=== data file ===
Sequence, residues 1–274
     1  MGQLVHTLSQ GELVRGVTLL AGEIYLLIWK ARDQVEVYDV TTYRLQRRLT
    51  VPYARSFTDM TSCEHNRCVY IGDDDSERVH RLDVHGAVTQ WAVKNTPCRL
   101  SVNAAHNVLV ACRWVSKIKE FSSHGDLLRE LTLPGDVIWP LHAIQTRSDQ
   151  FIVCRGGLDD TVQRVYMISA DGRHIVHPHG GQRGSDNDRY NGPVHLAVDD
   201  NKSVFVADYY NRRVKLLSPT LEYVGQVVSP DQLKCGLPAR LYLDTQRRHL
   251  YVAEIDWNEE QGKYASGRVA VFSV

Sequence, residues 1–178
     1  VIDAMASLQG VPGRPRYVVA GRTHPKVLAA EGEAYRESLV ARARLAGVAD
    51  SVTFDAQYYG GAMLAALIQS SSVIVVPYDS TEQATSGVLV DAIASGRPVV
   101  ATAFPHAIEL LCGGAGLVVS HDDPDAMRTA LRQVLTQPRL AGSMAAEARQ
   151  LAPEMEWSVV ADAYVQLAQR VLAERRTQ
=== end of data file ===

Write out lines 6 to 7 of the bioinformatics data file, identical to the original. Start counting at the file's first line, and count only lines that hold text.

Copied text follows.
   201  NKSVFVADYY NRRVKLLSPT LEYVGQVVSP DQLKCGLPAR LYLDTQRRHL
   251  YVAEIDWNEE QGKYASGRVA VFSV